Wow. David Denby must have been working on this essay about what has gone wrong with Hollywood movies for a long time. There may not be too much that hasn't been said before, but it's said in a lot of detail, and it is all convincingly argued and gives voice to many similar thoughts I have had over the years about the decline of Hollywood. One of his main themes (about how digital technology has meant many directors don't really film "spatially" any more) makes for a good extract:
It is also a drama of space. What audiences feel about characters on the screen is probably affected more than most of us realize by the way the space surrounding the people is carved up and re-combined. In John Ford, the geographical sense is very strong—the poetic awareness of sky and landscape and moving horses, but also the attention to such things as how people are arrayed at a long table as an indication of social caste (the prostitute at one end, the fine lady at the other). The best use of space is not just an effective disposition of activity on the screen, it is the emotional meaning of activity on the screen.Any regular reader will know what I am likely to say next: this is one reason why Spielberg remains an awesome director - he gives the audience an excellent sense of space; his action sequences are rarely too quickly edited and you can understand what's going on perfectly. And, to concur with Denby, Spielberg's most artificial film of all, last year's Adventures of Tin Tin, was a failure because of the technology taking away the same sense of spatial and kinetic realism that his best films have.
Directors used to take great care with such things: spatial integrity was another part of the unspoken contract with audiences, a codicil to the narrative doctrine of the scriptorium. It allowed viewers to understand, say, how much danger a man was facing when he stuck his head above a rock in a gunfight, or where two secret lovers at a dinner party were sitting in relation to their jealous enemies. Space could be analyzed and broken into close-ups and reaction shots and the like, but then it had to be re-unified in a way that brought the experience together in a viewer’s head—so that, in Jezebel, one felt physically what Bette Davis suffered as scandalized couples backed away from her in the ballroom. If the audience didn’t experience that emotion, the movie wouldn’t have cast its spell.
This seems like plain common sense. Who could possibly argue with it? Yet spatial integrity is just about gone from big movies. What Wyler and his editors did—matching body movement from one shot to the next—is rarely attempted now. Hardly anyone thinks it important. The most common method of editing in big movies now is to lay one furiously active shot on top of another, and often with only a general relation in space or body movement between the two. The continuous whirl of movement distracts us from noticing the uncertain or slovenly fit between shots. The camera moves, the actors move: in Moulin Rouge, the camera swings wildly over masses of men in the nightclub, Nicole Kidman flings herself around her boudoir like a rag doll. The digital fight at the end of The Avengers takes place in a completely artificial environment, a vacuum in which gravity has been abandoned; continuity is not even an issue. If the constant buffoonishness of action in all sorts of big movies leaves one both over-stimulated and unsatisfied—cheated without knowing why—then part of the reason is that the terrain hasn’t been sewn together. You have been deprived of that loving inner possession of the movie that causes you to play it over and over in your head.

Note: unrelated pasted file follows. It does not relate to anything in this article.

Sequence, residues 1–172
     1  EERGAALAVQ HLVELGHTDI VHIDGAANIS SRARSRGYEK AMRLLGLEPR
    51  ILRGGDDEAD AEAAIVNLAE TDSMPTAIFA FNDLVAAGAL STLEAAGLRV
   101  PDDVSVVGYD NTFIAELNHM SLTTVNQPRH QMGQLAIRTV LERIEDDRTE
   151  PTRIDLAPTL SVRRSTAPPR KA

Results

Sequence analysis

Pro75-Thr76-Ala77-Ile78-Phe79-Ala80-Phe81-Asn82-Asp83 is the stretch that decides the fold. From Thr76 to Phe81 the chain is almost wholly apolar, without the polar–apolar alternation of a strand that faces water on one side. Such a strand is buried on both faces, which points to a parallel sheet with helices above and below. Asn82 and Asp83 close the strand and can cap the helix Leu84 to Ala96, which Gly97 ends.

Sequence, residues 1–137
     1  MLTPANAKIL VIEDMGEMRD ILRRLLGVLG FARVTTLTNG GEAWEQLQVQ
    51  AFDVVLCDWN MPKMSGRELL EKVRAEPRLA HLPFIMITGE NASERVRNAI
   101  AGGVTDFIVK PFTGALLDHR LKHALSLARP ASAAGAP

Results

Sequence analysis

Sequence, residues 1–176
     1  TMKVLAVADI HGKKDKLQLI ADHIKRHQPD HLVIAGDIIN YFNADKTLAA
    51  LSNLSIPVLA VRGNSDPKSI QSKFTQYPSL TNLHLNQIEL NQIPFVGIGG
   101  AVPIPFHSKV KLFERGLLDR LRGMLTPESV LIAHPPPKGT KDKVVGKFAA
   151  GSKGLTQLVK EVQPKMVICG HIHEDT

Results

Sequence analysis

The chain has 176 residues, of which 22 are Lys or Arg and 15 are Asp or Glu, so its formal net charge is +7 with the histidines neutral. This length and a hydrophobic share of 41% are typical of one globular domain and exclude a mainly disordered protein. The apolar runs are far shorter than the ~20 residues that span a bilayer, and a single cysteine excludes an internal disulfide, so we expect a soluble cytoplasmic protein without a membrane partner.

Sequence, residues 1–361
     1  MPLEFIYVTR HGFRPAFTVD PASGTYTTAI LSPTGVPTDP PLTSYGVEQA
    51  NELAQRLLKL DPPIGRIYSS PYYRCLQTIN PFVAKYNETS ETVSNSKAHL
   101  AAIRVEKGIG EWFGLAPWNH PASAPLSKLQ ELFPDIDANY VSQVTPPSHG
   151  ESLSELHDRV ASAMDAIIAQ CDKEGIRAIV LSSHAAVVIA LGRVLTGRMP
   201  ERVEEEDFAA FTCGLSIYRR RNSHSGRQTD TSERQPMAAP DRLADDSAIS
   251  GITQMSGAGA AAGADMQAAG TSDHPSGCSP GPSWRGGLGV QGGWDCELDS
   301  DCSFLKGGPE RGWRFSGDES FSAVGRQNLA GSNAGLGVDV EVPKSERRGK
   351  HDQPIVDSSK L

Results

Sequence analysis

One other incidental point near the start, which I didn't fully realise before:
In the 1930s, roughly eighty million people went to the movies every week, with weekly attendance peaking at ninety million in 1930 and again in the mid-1940s. Now about thirty million people go, in a population two and a half times the size of the population of the 1930s.I am not entirely sure about this next selection, but from my own childhood, there is a certain element of truth in it:
My friends’ attitudes are defined so completely by the current movie market that they do not wish to hear that movies, for the first eighty years of their existence, were essentially made for adults. Sure, there were always films for families and children, but, for the most part, ten-year-olds and teens were dragged by their parents to what the parents wanted to see, and this was true well after television reduced the size of the adult audience. The kids saw, and half understood, a satire such as Dr. Strangelove, an earnest social drama such as To Kill a Mockingbird, a cheesy disaster movie such as Airport, and that process of half understanding, half not, may have been part of growing up; it also laid the soil for their own enjoyment of grown-up movies years later. They were not expected to remain in a state of goofy euphoria until they were thirty-five. My friends think that our current situation is normal. They believe that critics are naïve blowhards, but it is they who are naïve.I remember sitting in the back seat at the drive in being bored by The Graduate, and falling asleep. But certainly, I think that the moderation in the depiction of sex and swearing in pre-1960's cinema certainly meant that children could be exposed to what was still "adult" cinema and influenced their feel for the medium in a positive way.
All in all, a job well done, David.